For centuries, from coast to coast, in cities and suburbs, fields and forests, the American Robin has established nests in every contiguous state and filled the ears of many an American with their cheerful song. The rusty red breast adorning male robins have captured the imagination — how did it come to be such a color? One European legend holds that as Jesus was crucified, a robin flew down and tried to pull the crown of thorns from his head, becoming splattered by the blood of his wounds in the process.
Indigenous tales associate the red coloring with fire, with stories of robins protecting people from cold by keeping a flame burning in their heart, or acting as guardians of fire. Robins are the most abundant bird in the country, yet despite their ubiquitous existence, they still fascinate and inspire.
Being the original “early bird,” robins get their start at the first rays of morning light and don’t clock out until a hazy sunset adorns the sky. While worms are thought to be a staple of robin diets (and indeed the average robin will consume 14 feet of wriggling pink invertebrates per day), insects make up about 40 percent of the robin diet; the rest being supplemented by berries and fruit. In fact, robins are one of the few animals to be observed deliberately intoxicating themselves from eating poisonous or fermented berries. Honeysuckle berries are a preferred substance for the robin to enjoy after a long hard day of singing and scavenging, resulting in rocking and lopsided perching with half-shut eyes.
When spring approaches, robins put away the booze and get down to the business of getting busy. The northern migration is no small undertaking: robins have been recorded traveling upwards of 3,000 miles to colder pastures in Alaska and Canada. Once a mate has been chose for the season, the female will begin construction of the nest while the male will defend nesting territory by… singing. Yes, rather than brandish talons or beaks (though such scuffles aren’t unheard of), robins prefer to settle their disputes with a tune. Sort of like American Idol, but for bird nests. Robins average four pale blue eggs per brood, and typically produce two broods per season, sometimes three. That iconic pale blue color that has adorned many a baby nursery is the result of the bile pigment, biliverdin, in the mother’s shell gland.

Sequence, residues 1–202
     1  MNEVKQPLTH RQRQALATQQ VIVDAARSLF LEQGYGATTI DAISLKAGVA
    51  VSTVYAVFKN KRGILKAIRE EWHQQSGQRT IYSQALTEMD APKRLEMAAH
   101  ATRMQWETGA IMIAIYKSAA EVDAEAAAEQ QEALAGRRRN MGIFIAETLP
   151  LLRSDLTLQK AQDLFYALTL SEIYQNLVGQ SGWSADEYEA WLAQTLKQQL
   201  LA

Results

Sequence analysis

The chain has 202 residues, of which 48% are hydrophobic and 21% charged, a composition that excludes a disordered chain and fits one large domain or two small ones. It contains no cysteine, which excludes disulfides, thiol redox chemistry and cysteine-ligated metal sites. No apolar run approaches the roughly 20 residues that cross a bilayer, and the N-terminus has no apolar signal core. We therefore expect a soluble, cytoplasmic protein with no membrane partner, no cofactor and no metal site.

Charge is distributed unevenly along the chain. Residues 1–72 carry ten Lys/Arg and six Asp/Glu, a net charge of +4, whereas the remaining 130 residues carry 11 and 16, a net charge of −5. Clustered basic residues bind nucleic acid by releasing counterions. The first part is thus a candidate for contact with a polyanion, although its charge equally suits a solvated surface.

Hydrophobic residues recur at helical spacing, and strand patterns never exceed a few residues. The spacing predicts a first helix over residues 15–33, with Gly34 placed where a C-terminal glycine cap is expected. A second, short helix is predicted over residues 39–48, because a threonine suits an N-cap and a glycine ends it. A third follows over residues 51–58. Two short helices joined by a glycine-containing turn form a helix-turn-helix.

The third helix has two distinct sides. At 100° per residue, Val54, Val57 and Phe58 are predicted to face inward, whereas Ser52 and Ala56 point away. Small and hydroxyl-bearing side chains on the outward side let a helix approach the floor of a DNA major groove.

Biliverdin isn’t exclusive to robins, it also lends blue hues to the eggs of blue jays, house finches, and song thrushes, and it’s the reason bruises on our bodies turn a purple-blue color while healing. To the dismay of many a would-be robin parent, only 40 percent of robin nests are successful in hatching chicks. Of that percentage, about one quarter manage to survive until November, and from then on robins have a 50-50 chance of making it to the next year. The entire robin population turns over every six years, as most don’t live past the age of two, but it is possible for them to reach 14 years of age, as observed in one case.
While many species of birds are confined to specific areas, leaving out the rest of the country from enjoying the splendor of their colors and songs, robins have taken it upon themselves to be neighbors to every class and creed. Whether you work in a skyscraper or a mine, if you go home to an apartment or a cottage, whether you pray to a Father God or a Mother Earth, the robin does not discriminate on who gets to hear his song. We can all hear that chirping call at daybreak, challenging us to seize the day.